Ocular Cytopathology

An atlas that features the cytologic findings of the normal features and diseases of the eye.

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Sunday, October 02, 2005


In this chapter, malignant neoplasms of the eye are illustrated. Iris and ciliary body melanomas were presented in Chapter 5. Orbital and periorbital tumors are discussed in Chapter 10.
Only a few malignant tumors originate in the eye. Interpretation of aspirates from these tumors is not difficult if sampling is adequate and one is familiar with their specific criteria. Some primary ocular tumors have different criteria for diagnosis than analogous systemic neoplasms (e.g., melanoma). Diagnosis of other tumors is complicated by inherent difficulty in obtaining adequate material (e.g., lymphoma).


Intraocular lymphomas are rare and usually associated with involvement of the central nervous system. [1, 2, 3, 4, 5] Patients frequently have blurred vision without pain and characteristic yellow lesions under the retinal pigment epithelium (Figure 9-1). [6] However, ocular involvement may be confined to the vitreous cavity. When vitreous cells are present, the diagnosis may be made by vitreous aspirate or vitrectomy. Cytospin preparation or direct smears of vitreous reveal atypical lymphoid cells with prominent nucleoli (Figure 9-2). Most intraocular lymphomas contain large cells that have B-cell immunophenotypic markers. Because of the scant material obtained, it is often very difficult to make an unequivocal diagnosis of malignancy. In addition, hyaluronic acid in the vitreous may nonspecifically bind antibody making immunphenotypic markers difficult to interpret. Some authors suggest that morphologic analysis is more accurate than immunophenotypic analysis (B-and T-cell markers) in this setting. [7, 8] Hyaluronidase-treated vitreous samples may improve the accuracy of immunphenotypic analysis by flow cytometry. [9]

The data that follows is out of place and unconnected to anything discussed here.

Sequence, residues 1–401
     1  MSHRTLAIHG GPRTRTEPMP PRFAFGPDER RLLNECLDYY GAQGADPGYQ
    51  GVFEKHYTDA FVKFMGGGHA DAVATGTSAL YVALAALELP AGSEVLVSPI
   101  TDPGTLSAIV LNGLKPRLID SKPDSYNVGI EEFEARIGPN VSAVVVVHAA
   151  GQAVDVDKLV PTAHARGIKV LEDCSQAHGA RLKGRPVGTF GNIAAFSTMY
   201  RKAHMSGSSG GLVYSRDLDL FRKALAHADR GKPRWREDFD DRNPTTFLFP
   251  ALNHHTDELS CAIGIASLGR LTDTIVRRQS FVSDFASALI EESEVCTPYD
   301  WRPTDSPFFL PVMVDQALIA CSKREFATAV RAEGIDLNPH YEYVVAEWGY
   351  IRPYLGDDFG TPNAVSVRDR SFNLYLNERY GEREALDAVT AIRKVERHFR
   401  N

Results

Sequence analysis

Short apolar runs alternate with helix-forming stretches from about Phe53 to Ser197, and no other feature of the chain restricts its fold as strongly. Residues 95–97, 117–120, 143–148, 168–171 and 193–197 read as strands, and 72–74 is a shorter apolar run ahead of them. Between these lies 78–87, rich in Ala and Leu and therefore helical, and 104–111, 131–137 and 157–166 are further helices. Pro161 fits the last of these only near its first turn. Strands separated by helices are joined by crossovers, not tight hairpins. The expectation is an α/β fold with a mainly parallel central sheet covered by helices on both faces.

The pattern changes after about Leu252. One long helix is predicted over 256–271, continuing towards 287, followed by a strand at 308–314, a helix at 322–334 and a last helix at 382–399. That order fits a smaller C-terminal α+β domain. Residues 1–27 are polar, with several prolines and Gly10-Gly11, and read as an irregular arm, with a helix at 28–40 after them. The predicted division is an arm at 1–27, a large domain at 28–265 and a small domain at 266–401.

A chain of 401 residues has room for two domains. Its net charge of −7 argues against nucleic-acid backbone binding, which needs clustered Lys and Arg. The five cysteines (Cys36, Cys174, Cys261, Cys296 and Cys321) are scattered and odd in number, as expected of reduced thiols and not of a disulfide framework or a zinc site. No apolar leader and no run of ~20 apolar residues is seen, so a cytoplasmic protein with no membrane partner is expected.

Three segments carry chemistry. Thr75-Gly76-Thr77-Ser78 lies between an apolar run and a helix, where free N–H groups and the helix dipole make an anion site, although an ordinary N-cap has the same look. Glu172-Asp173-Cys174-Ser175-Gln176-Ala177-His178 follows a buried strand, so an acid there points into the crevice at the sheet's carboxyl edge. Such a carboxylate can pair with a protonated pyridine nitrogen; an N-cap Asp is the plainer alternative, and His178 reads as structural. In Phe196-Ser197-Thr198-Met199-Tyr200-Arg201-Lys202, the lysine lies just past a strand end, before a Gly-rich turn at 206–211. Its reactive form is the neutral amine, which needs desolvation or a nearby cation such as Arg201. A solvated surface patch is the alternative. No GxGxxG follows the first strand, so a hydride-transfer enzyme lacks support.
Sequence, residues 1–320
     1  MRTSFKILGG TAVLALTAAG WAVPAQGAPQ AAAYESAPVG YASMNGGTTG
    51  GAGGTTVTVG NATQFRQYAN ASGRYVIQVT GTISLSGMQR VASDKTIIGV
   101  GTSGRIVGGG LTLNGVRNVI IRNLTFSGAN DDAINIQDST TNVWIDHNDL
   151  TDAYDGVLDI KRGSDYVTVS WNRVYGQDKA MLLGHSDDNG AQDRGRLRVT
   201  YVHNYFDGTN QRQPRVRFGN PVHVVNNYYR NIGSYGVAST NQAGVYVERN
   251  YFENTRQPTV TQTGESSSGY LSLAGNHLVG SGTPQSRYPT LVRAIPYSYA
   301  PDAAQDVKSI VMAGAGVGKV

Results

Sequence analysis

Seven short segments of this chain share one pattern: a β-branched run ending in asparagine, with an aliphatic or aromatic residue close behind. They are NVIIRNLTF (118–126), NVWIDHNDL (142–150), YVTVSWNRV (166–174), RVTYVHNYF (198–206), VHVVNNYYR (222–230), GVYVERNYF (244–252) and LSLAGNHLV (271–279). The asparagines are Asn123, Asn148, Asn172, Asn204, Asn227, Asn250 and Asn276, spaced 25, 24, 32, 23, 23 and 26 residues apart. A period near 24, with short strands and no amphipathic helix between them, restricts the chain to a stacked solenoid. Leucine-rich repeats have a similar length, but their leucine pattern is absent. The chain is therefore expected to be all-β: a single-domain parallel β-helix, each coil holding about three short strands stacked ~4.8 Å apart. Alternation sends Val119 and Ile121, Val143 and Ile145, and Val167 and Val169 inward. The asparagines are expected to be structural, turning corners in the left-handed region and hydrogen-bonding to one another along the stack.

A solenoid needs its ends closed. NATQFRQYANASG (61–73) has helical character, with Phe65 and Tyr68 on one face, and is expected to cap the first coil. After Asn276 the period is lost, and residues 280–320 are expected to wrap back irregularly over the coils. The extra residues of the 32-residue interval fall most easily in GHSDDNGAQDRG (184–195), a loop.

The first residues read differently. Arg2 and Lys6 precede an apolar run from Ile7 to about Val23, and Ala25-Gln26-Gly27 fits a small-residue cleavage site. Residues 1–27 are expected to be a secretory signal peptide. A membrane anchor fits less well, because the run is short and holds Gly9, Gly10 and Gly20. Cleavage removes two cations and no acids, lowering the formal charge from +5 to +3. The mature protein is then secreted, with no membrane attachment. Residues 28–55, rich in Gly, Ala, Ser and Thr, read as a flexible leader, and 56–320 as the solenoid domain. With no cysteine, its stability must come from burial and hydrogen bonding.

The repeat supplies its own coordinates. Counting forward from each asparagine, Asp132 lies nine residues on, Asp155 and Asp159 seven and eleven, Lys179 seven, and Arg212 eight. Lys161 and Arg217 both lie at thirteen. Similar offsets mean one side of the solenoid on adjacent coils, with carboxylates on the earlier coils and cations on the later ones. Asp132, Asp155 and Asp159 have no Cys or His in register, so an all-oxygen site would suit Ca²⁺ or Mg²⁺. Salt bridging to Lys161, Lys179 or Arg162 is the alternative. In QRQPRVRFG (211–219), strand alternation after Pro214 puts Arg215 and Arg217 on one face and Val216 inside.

Retinoblastoma manifests early in childhood as leukocoria. [10, 11] In the genetic form it is inherited in an autosomal dominant fashion, but at the molecular level it behaves as an autosomal recessive defect. [12, 13, 14, 15, 16] Retinoblastoma is associated with the homozygous deletion or alternation of a well-characterized gene in the chromosome region 13q14. [17, 18, 19, 20]
Retinoblastoma appears as a white mass arising from the retina (Figures 9-3 and 9-4). It is a small-cell tumor and is characterized by areas of necrosis, calcification, Flexner-Wintersteiner rosettes, Homer Wright rosettes, and, rarely, fleurettes (Figure 9-5). [21- 23, 24]Intraocular and orbital fine needle aspirations of retinoblastoma have been described. [25] However, it is generally recommended that fine needle aspiration and other procedures to sample retinoblastoma be avoided because seeding has been documented. [26, 27] This is a controversial subject. Cytologic preparations reveal a small cell tumor with necrosis and streaming of deoxyribonucleic acid (DNA) (Figure 9-6). [28] Rosettes have been reported, but they are rarely identified. [29]


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22. Tso MOM, Fine BS, Zimmerman LE. The Flexner-Wintersteiner rosettes in retinoblastoma. Arch Pathol 1969; 88:664-671.
23. Rodrigues MM, et al. Ophthalmology. 1987 Apr;94(4):378-87.
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26. Rodriguez A., Mod Probl Ophthalmol. 1977;18:142-8.
27. Karcioglu ZA, et al. Tumor seeding in ocular fine needle aspiration biopsy Ophthalmology. 1985 Dec;92(12):1763-7.
28. Rosenthal DL, Mandell DB, Glasgow BJ. Eye. In: Bibblo M, ed. Comprehensive cytology. Philadelphia: W.B. Saunders, 1991;484-501.
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